Xinhua’s creative editors

Absolutely, totally priceless. BWC should post more often. Thank god for people who have the patience and fortitude to do work like this.

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Richard Burger is the author of Behind the Red Door: Sex in China, an exploration of China's sexual revolution and its clash with traditional Chinese values.

The Discussion: 14 Comments

Great work by BWC. He said he would be back shortly and how!!

I found reading the edited and unedited versions of this article both fascinating and disturbing. It’s a compelling indictment of the irresponsibility and journalistic liberties taken by state controlled media. So many highlights. Here’s one:

It is as if (deleted: the city has been hermetically sealed in a way that would eliminate anything unpleasant)cheerfulness permeates the entire city.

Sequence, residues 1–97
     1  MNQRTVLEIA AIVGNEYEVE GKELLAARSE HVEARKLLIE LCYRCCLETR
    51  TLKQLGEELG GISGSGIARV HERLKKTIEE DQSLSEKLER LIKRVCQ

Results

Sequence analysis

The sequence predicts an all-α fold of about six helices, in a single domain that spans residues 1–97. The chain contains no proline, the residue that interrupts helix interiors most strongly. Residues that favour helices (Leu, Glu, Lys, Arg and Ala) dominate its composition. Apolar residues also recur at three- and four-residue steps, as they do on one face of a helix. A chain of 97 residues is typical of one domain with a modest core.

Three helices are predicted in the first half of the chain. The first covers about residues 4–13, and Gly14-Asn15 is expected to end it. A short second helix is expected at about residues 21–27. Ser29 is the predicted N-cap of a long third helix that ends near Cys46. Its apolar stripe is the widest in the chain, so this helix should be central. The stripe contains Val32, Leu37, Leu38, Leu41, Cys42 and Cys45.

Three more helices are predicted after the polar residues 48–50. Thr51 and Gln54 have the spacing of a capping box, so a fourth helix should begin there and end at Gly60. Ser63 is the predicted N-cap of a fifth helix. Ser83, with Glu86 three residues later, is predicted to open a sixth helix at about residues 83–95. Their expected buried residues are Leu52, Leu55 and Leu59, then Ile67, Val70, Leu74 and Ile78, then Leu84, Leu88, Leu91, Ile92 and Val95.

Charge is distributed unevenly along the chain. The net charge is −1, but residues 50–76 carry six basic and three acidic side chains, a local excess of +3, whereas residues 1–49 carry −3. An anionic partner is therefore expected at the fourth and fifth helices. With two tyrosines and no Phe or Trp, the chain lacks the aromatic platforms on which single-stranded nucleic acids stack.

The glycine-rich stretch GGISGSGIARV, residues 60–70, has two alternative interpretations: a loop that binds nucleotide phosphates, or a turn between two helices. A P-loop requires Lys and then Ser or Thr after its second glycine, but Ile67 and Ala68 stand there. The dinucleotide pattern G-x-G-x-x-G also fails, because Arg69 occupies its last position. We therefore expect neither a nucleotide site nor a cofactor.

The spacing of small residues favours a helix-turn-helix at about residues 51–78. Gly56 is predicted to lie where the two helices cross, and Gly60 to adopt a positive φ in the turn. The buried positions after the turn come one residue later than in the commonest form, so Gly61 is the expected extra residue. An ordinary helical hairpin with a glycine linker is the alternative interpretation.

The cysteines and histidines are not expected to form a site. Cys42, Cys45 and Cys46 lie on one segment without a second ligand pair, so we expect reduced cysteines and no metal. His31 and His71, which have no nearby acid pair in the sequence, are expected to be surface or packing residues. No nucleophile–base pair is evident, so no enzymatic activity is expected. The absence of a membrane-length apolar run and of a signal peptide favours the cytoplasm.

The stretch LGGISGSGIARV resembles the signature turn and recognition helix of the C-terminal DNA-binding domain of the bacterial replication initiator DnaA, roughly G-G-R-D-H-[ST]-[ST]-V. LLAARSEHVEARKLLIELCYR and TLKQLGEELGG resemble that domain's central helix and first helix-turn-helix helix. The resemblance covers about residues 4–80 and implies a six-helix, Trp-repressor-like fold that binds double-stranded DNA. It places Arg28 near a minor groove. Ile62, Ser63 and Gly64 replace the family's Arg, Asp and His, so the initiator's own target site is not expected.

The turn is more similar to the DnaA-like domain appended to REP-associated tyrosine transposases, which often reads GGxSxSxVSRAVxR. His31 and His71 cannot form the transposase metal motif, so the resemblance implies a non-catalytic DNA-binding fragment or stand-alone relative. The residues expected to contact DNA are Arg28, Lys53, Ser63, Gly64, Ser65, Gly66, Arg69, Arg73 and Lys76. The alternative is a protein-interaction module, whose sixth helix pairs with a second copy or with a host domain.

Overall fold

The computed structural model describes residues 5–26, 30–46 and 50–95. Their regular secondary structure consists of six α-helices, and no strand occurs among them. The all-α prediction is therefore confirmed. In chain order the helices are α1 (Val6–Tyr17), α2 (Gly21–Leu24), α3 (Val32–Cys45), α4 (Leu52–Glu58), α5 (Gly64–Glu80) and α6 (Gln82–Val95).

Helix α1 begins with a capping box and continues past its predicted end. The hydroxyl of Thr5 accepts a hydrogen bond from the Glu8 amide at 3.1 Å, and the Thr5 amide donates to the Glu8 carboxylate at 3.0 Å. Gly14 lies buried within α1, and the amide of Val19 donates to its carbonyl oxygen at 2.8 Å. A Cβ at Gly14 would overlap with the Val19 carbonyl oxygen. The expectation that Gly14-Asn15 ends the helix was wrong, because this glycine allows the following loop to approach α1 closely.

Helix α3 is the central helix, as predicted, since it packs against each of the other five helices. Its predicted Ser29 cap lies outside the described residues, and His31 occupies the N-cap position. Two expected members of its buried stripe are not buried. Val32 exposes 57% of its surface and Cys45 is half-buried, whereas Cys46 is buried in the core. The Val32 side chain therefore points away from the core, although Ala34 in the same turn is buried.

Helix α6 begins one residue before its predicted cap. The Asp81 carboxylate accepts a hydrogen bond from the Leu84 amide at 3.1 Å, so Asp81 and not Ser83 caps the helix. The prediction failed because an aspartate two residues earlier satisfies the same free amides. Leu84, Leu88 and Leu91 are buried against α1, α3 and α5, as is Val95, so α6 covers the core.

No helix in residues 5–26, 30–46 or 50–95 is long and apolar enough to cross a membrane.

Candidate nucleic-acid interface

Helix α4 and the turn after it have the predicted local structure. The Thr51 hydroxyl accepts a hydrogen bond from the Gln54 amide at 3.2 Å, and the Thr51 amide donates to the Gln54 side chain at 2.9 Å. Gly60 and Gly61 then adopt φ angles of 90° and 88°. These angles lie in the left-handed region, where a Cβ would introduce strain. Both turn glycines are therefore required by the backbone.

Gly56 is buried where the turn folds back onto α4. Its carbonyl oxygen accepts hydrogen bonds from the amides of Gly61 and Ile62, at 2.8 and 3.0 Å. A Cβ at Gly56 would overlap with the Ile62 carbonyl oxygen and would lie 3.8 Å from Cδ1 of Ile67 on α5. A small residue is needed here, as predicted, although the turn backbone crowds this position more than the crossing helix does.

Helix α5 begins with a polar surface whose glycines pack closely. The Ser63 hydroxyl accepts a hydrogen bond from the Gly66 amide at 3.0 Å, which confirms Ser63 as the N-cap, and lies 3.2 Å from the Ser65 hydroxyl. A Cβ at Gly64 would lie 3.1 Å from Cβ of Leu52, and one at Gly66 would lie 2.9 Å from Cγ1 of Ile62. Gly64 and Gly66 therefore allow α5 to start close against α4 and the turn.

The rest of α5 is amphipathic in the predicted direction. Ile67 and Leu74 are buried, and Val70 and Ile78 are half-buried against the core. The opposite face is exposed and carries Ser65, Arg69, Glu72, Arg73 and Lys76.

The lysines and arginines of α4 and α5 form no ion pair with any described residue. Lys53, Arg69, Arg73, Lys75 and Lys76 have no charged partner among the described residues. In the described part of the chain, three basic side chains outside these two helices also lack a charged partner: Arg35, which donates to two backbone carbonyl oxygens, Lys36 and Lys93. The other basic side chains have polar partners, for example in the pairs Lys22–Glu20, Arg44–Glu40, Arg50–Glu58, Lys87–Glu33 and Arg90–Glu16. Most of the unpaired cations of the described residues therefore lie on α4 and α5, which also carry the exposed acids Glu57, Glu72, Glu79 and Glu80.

Wonderful stuff.

August 28, 2008 @ 4:31 pm | Comment

I should have made clear that “cheerfulness permeates the entire city” was Xinhua’s handiwork. Is anyone surprised?

August 28, 2008 @ 4:43 pm | Comment

China: Where The News Is Always Good….

Black and White Cat does a great job showing how China’s media sanitizes foreign media articles on China, in its post entitled, “How the New York Times (should have) covered the Olympics.” I am “speechless” not because I am surprised (I am not), b…

August 28, 2008 @ 4:44 pm | Trackback

Does this mean the western media are no longer biased?
Great find!

August 28, 2008 @ 5:04 pm | Comment

Rhys, so long as Xinhua and the rest can put it through their “truth filters” first!

August 28, 2008 @ 5:51 pm | Comment

I presume Xinhua did not pay Mr McGrath for using and abusing his article. It would be nice if the editors of Xinhua, China Daily etc were sent invoices and obliged to pay these usage fees, perhaps by being detained at airports and forced to cough up before leaving – if they ever visit the US..

August 28, 2008 @ 7:22 pm | Comment